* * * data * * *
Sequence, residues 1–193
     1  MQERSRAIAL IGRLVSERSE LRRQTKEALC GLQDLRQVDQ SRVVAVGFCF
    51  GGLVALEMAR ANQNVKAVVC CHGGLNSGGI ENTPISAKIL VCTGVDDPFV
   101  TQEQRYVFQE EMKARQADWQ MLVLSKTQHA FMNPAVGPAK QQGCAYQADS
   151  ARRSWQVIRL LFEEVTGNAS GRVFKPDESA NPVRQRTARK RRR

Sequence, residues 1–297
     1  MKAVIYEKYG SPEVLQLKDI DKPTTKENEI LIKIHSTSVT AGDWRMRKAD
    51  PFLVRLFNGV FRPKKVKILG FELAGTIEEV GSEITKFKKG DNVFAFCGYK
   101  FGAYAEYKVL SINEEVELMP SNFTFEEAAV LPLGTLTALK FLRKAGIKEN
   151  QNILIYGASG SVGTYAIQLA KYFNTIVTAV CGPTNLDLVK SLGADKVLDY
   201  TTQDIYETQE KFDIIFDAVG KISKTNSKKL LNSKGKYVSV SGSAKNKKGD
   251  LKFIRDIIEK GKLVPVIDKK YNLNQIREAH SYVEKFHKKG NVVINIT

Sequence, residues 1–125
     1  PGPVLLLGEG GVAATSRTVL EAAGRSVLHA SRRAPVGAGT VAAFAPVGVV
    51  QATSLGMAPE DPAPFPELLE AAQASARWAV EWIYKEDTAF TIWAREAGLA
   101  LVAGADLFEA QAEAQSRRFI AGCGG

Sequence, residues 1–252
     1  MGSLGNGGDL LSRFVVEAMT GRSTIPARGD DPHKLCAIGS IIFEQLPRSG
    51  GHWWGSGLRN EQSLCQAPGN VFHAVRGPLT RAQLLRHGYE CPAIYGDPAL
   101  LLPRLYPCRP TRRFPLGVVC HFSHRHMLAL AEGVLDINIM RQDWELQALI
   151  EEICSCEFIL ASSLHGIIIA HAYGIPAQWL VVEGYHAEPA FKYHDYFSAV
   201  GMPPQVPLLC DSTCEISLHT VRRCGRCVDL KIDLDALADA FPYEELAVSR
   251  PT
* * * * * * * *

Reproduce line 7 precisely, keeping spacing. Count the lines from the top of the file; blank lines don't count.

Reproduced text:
     1  MKAVIYEKYG SPEVLQLKDI DKPTTKENEI LIKIHSTSVT AGDWRMRKAD